- Identify and develop programmes within surrounding communities to support wildlife conservation;
- Secure existing protected areas and support range expansion of African wildlife.
Wildlife ACT is pleased to enable their supporters to come and join them in the field and have a meaningful and impactful experience.
Wildlife ACT Conservation Work on Manyoni
Wildlife ACT’s main focus on Manyoni is the monitoring of the African Wild Dogs, Cheetah, Elephant and Lion. During these monitoring sessions, any incidental sightings of other priority species including Rhino, Vultures and Leopard, will also be recorded. Our team also occasionally assists with game counts and vegetation assessments on Manyoni. Wildlife ACT has also been fundraising to support the much needed dehorning of rhino on Manyoni to protect them from poachers in this park.
Project Rhino Background
Unfortunately the Zululand region has become one of the focal points for the criminal syndicates and the poaching of rhino is still has a big impact in the region. Wildlife ACT is a co-founder of Project Rhino which is an association of like-minded organisations facilitating rhino conservation interventions aimed at eliminating rhino poaching and securing the white and black rhino populations of KwaZulu-Natal. The members of Project Rhino recognise that the work in conserving and protecting rhinos from the threat of poaching is symbolic of the broader threat faced by all wildlife, and that all wildlife will benefit from actions taken by Project Rhino. The association is also aware that the poaching of rhino is symptomatic of the overall, bigger environmental crises facing South Africa and its neighbours.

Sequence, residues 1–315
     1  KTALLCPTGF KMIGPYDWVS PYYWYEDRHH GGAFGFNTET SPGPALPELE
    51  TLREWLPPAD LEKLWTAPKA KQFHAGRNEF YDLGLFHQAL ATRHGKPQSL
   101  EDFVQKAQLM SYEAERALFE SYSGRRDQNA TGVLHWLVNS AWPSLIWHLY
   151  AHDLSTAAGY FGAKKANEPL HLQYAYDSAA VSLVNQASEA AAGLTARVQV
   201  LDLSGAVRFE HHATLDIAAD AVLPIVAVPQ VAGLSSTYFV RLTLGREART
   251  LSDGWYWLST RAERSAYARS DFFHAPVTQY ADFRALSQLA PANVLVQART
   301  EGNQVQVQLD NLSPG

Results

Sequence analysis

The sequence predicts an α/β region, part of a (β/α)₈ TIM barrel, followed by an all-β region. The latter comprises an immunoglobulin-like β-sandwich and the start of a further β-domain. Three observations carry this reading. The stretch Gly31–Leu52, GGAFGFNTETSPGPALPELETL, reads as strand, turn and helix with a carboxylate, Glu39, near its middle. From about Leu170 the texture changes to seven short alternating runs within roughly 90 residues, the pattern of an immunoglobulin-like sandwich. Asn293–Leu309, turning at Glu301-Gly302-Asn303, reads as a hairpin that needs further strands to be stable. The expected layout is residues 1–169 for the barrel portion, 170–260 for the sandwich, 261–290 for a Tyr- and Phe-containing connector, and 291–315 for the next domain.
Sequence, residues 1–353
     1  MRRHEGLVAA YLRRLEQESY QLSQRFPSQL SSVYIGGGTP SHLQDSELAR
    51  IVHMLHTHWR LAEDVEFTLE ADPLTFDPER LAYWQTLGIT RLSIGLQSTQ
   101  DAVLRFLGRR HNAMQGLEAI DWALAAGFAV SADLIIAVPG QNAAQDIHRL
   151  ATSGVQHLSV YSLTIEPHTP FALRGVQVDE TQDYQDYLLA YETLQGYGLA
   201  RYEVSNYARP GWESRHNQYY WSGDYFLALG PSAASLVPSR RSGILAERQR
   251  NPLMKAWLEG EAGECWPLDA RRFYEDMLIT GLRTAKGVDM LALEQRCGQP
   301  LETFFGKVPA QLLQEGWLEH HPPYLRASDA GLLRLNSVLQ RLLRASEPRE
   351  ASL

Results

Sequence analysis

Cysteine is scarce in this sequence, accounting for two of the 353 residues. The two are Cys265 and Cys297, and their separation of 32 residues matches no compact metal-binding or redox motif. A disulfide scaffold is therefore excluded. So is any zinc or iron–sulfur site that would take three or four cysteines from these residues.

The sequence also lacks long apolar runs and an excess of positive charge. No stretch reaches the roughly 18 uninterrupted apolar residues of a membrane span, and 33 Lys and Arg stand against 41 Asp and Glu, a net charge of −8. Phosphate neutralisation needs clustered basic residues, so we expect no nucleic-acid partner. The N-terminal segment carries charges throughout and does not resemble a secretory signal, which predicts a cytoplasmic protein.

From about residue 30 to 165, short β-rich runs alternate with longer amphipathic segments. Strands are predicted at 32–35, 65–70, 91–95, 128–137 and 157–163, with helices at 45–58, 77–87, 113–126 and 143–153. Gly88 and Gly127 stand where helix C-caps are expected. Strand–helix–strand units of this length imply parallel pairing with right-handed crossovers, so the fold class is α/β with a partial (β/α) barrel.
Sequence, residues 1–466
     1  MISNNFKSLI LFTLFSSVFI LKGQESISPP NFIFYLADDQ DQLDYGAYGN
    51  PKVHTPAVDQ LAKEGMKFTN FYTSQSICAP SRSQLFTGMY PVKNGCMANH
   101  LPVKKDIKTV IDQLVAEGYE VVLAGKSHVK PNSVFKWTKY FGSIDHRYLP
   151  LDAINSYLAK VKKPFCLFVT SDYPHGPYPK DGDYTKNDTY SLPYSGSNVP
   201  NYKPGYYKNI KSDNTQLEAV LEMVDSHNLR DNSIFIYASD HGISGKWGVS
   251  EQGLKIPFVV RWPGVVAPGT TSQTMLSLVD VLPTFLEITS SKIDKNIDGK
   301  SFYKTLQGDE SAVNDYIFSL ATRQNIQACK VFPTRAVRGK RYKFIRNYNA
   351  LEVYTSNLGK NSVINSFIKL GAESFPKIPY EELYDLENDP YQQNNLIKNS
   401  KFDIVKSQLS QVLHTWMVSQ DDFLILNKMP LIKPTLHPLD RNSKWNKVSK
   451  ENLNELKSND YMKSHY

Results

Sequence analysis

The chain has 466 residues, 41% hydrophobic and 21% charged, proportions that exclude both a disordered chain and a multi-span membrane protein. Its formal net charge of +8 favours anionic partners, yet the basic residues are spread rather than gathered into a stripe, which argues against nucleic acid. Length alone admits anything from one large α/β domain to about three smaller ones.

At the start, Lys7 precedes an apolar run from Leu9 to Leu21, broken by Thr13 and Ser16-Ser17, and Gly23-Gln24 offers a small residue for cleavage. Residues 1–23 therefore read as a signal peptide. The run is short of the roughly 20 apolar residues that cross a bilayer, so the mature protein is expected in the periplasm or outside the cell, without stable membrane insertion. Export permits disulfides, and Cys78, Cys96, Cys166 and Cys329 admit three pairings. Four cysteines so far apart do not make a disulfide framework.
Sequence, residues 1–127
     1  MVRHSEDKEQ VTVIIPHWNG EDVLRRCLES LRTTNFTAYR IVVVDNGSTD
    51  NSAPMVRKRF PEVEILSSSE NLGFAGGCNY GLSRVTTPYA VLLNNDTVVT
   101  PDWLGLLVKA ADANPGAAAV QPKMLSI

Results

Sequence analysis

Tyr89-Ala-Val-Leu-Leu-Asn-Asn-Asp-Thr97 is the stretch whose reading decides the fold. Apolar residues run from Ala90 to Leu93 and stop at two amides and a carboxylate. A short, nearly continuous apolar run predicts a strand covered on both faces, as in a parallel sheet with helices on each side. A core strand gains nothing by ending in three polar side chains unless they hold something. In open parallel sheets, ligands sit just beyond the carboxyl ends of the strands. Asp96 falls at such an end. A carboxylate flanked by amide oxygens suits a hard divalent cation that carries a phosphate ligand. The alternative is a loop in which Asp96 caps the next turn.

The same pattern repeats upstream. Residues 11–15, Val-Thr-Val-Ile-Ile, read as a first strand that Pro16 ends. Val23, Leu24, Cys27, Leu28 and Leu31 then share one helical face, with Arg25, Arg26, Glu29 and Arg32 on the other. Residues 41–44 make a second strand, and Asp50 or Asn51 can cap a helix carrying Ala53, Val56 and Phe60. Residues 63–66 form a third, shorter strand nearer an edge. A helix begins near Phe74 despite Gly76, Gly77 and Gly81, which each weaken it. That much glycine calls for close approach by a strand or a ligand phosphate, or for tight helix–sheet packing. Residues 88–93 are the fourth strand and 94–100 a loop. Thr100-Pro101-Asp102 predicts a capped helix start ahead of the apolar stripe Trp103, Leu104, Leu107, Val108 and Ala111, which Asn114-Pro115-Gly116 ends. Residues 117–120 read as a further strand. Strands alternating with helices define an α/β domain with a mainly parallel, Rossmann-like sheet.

Project Rhino’s collective approach to rhino anti-poaching is both proactive and reactive, and includes:
- Community Engagement, Education & Awareness
- Legislation & Judiciary
- Lobbying & Strategic Relationships
- Fundraising & Publicity
Project Rhino’s members, individually, have a wide range of rhino conservation and anti-poaching strategies, with each member focusing on their specific areas of expertise.
Zululand Anti-Poaching Wing (ZAP-Wing)